– to do more creative stuff. I like the way you can get
more or less instant results with photography, whereas
with painting I’d be spending 3 weeks plus on just one
painting. Who’s got the spare time to do that? :)
I have spent some time learning to play acoustic and
electric guitars on and off over the years … I’m not
very good at playing, but I get a lot of pleasure out
of jamming along with a couple of mates. I’ve
occasionally thought about writing books for children,
(like Harry Potter), but I haven’t hit on any original
characters as yet.
I see blogging as fairly creative and challenging
(especially when it comes to looking at and using HTML
code – which looks like hieroglyphics to me). I didn’t
start off blogging with the thought that I’d carry on
for any length of time, but blogging’s become
addictive and I enjoy reading other people’s comments
(and adding my own).
In recent years I’ve become a lot more sociable than
before, and less shy when meeting people – I now get
more of a buzz from chatting with folk, which I now
like more than sitting at home reading something, or
playing guitar or doing jobs around the house (all of
which can feel like solitary confinement at times).
Coming back to Maslow’s Hierachy of Needs, and looking
at Maslow’s triangle/pyramid shown in Andrea’s blog, I
would put the top three items all at the same level
with each other ... for me, they’re all equally
important, though others may not agree with me.
What do you think?
Adam and Eve
I heard a somewhat feeble joke today from one of my
daughters who attended a wedding last weekend (she
plays the traditional harp at such events). It was
the vicar who told this joke to everyone present in
the church, so it must be kosher.
Just after God had created Adam, God tempted him with
a lovely vision of what his future partner Eve could
be like: "She could be divinely beautiful, and be a
brilliant companion with a fine intellect and a GSOH.
She could be totally submissive and attentive to your
every need, and look after you superbly well if you
became ill and when you become frail in old age".
"Oh, gosh! She sounds wonderful," said Adam, "but what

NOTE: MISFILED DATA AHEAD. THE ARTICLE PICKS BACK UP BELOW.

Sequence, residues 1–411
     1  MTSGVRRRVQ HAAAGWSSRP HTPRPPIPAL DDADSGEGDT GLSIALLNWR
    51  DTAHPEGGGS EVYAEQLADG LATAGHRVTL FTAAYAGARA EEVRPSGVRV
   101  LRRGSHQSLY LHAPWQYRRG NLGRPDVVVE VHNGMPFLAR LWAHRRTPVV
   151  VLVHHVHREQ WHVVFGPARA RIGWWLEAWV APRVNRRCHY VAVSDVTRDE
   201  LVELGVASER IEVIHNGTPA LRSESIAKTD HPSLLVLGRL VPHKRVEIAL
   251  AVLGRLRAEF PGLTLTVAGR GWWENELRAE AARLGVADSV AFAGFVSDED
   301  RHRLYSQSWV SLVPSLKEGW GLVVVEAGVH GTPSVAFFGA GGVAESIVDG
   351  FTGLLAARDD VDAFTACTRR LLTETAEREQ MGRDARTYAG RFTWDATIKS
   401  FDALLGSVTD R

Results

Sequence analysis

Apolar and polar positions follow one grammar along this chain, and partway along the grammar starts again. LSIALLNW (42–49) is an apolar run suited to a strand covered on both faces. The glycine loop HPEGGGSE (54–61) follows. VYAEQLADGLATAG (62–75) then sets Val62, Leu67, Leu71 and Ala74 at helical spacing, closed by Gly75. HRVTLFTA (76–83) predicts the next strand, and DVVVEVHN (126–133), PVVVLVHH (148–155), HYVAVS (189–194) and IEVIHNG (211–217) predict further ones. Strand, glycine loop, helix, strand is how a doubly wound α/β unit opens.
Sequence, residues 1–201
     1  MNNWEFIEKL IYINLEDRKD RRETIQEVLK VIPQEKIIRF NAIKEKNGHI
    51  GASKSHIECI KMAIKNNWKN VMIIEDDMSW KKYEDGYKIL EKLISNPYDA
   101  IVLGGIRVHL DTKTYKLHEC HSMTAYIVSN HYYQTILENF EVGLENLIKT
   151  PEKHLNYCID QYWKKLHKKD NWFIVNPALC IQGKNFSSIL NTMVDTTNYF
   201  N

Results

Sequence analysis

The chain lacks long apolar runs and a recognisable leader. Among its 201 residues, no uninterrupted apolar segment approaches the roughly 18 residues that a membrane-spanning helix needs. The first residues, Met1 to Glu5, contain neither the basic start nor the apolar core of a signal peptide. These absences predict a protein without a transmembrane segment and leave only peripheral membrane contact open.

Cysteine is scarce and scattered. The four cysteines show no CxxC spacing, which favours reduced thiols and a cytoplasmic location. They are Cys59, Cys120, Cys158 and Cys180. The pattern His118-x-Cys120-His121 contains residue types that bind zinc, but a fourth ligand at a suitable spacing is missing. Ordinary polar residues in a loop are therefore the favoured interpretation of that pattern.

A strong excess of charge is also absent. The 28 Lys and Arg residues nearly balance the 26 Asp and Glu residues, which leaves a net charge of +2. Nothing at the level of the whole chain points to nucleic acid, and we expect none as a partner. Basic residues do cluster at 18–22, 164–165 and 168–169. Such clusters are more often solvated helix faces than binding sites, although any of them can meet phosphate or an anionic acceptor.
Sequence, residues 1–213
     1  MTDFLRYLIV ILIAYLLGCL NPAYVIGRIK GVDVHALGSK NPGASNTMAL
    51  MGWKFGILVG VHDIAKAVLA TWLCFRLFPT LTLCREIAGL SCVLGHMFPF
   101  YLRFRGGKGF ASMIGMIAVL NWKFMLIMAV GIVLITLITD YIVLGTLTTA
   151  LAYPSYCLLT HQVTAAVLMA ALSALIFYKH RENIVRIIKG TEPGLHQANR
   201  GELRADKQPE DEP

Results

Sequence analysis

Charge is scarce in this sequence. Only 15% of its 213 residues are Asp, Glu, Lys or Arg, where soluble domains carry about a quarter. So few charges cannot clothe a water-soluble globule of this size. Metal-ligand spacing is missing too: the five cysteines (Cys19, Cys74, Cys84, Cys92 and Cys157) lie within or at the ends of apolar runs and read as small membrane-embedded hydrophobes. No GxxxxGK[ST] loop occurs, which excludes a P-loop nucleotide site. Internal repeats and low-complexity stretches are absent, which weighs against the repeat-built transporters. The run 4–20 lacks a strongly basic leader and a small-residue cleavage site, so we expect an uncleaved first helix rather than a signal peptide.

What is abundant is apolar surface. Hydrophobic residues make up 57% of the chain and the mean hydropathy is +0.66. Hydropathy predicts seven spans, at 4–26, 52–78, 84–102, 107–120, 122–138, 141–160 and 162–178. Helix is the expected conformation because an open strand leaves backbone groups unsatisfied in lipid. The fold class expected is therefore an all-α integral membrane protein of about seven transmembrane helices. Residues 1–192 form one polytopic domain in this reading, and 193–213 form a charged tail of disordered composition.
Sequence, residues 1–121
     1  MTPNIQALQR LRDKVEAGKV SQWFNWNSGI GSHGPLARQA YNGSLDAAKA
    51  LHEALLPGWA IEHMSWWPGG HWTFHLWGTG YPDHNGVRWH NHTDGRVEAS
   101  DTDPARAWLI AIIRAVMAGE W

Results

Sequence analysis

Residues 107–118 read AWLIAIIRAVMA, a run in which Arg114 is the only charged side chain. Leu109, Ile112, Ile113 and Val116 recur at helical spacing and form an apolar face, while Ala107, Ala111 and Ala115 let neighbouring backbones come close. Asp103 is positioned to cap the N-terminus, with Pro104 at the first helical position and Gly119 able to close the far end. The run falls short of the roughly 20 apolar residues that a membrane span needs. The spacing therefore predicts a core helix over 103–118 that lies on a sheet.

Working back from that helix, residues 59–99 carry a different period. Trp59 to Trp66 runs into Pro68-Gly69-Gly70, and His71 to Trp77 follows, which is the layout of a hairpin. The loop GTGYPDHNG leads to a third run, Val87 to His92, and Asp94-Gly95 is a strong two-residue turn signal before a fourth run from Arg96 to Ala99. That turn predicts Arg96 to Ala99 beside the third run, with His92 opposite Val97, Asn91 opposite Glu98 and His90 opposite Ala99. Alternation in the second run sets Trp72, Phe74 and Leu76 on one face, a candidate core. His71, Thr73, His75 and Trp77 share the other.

would she cost?"
"Ermm," said God, pausing to think for a few moments,
"Well, she would cost you an arm and a leg".
"Oh dear," said Adam feeling disappointed, "I can only
spare you a rib."
There was a slight titter from some members of the
The Lives of Others
Mrs C and I went to see a superb film today at Nottingham's
Broadway Cinema. It's called "The Lives of Others", set in
East Berlin back in the 1980s, when the Communist Party
imprisoned any dissidents. Here's a link to it on the Broadway site
, where you'll find an outline of the plot.
We both thought the acting was excellent.
I was totally gripped by it -- but not by the ITV drama that
was on later: "Kingdom
"... I slept through most of it,
despite the fact that one of our best actors, Stephen Fry,
was in the lead role as a country solicitor who gets involved
with several mysterious goings-on. Perhaps it was the glass
of white wine that made me feel sleepy, but I doubt if we'll
be watching any more episodes.
I missed "Dr Who" yesterday evening unfortunately ... not that
I usually watch it, but I would like to see the return of the
Daleks. Particularly evil and scary creations as you'll know,
though if you get back to reality - suspend the fantasy, it's
quite silly to think of actors imprisoned inside them, feeling
hot and sticky, and moving around with all that cladding on.
Tricky if one of them wants to nip off and have a pee.
I've spent about another six hours on this banner, attempting
to improve the resolution of the print I've put on the photo.
My latest idea is to put text onto a transparent background to
create a jr logo, and then to put it onto the photo in Photoshop.
It works well when I just post it onto my dummy blog, but when
I put the jpeg code into the banner section, I just get the
slightly blurry print edges time after time (despite varying a
whole host of things).
I think the problem lies with Blogger compressing photos down
too much, and when I attempt to magnify them for banner purposes,
the resulting resolution is poor. I think my next strategy will